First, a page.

I loved it! It was a great way of helping the kids achieve therapy goals (without them even thinking they were doing therapy!) while learning magic at the same time. The program was well run and organized. I look forward to volunteering again. At the end of each session I felt I had achieved something which is something that is very important to me.
— Holland Bloorview
The smile on my buddy’s face after he successfully performed “Fast Hands”… he was eve able to do it with his left (weaker) hand! It was great seeing him become more confident with that hand each session.
— Holland Bloorview
Holland Bloorview Kids Rehabilitation Hospital is Canada’s largest children rehabilitation hospital. My Magic Hands has been working with Holland Bloorview Hospital for 13 years, and have established life-long relationships with their patients and Occupational Therapists.
At this facility, participants of My Magic Hands not only learn magic–they also build confidence and presentation skills, while integrating the practice of magic into their therapy and rehabilitation.
My Magic Hands challenges and develops participant’s interpersonal skills. Clients often feel self conscious because they are no longer able to do certain things that once came easily. This can easily lead to introversion. My Magic Hands surrounds clients with supportive instructors, therapists and volunteers allowing clients to learn how to interact with others and participate despite significant challenges.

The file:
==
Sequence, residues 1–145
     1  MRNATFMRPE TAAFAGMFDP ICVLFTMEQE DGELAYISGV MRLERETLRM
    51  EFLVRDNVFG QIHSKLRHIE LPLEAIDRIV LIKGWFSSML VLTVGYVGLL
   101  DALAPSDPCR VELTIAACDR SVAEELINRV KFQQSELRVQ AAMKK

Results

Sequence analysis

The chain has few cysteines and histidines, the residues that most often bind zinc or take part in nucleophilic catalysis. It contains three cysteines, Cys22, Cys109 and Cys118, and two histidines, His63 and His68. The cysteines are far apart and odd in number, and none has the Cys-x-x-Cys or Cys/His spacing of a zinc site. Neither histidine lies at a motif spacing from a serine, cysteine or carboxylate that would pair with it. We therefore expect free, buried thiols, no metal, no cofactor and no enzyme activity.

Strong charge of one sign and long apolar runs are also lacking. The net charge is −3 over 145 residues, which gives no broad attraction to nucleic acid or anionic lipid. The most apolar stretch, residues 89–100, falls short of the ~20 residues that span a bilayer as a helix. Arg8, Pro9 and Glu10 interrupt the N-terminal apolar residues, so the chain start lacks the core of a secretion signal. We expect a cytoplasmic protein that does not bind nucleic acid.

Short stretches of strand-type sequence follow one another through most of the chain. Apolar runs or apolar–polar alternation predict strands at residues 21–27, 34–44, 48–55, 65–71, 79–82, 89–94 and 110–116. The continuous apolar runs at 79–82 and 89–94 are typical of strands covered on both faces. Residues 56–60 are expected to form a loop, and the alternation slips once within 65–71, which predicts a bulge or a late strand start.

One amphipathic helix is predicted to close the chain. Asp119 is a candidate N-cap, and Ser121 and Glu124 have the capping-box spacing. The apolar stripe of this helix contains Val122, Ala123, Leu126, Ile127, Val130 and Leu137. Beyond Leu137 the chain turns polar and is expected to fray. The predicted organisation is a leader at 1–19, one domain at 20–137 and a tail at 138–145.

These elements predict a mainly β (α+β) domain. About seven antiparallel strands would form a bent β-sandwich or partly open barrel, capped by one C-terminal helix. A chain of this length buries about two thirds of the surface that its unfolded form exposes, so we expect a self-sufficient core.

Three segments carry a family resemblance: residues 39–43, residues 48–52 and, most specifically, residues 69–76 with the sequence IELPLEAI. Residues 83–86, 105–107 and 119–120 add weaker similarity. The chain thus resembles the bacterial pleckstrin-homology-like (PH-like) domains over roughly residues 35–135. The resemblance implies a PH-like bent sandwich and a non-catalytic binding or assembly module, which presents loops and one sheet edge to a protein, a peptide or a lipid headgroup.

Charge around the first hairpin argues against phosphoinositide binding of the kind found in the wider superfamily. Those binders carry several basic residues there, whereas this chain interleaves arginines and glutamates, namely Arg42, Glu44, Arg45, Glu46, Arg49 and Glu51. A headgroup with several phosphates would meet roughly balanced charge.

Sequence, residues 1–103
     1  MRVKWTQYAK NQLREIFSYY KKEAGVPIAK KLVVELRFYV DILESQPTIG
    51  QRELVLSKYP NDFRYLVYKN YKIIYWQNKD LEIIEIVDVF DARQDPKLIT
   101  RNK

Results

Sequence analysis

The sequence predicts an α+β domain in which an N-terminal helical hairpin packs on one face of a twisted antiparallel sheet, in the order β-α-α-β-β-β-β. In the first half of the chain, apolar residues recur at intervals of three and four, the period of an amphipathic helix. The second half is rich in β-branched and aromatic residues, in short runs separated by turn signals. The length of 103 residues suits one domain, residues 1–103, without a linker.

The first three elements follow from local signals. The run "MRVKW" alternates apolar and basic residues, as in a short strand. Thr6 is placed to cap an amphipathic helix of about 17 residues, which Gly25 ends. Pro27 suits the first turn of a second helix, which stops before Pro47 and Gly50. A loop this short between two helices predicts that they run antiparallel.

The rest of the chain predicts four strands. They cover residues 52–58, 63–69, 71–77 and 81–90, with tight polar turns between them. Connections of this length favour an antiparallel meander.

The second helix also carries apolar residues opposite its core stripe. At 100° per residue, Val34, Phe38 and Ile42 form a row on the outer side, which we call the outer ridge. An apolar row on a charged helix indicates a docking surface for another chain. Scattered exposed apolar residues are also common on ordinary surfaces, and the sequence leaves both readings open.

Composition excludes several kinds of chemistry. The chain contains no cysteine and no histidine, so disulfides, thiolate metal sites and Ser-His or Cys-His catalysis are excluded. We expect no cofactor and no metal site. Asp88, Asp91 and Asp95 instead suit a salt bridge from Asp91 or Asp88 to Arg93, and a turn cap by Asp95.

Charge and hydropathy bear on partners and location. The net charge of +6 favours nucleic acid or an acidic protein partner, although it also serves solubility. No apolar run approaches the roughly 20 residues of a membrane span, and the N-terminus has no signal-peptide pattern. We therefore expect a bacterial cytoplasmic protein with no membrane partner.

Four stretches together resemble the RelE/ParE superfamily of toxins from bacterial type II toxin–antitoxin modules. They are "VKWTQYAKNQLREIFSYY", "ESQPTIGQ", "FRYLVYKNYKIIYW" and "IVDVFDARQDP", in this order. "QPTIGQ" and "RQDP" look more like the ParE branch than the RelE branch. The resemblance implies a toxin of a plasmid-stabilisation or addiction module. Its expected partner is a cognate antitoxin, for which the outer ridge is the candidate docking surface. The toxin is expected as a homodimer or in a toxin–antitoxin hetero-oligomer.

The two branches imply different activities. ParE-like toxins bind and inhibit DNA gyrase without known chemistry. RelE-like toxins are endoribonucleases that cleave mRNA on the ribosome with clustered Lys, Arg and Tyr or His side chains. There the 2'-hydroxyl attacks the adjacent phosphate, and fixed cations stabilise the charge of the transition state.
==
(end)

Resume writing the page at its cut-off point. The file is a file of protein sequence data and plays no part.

In addition to the benefits of learning magic for teaching life skills, therapists also recognize magic as an efficient vehicle for achieving therapeutic goals. Clients experience a range of challenges often resulting from acquired brain injury. All participants in the program have been referred by an occupational therapist and assigned one or more development goals in areas such as speech, fine motor skills, gross motor skills, bilateral arm use, memory and sequencing. At the Big Show our magicians must impress not only the audience by performing great magic; they will have to impress their therapists as well, who are there to evaluate their progress relative to the goals they set.
A recent study at the University of Toronto, Department of Occupational Therapy called magic as “just the right challenge”. Magic tricks give immediate feedback – they either work or they don’t. Clients are motivated to problem solve and troubleshoot their difficulties until they achieve success. Participants see positive outcomes from repeated practice and rehearsal both in their own work, and by observing others.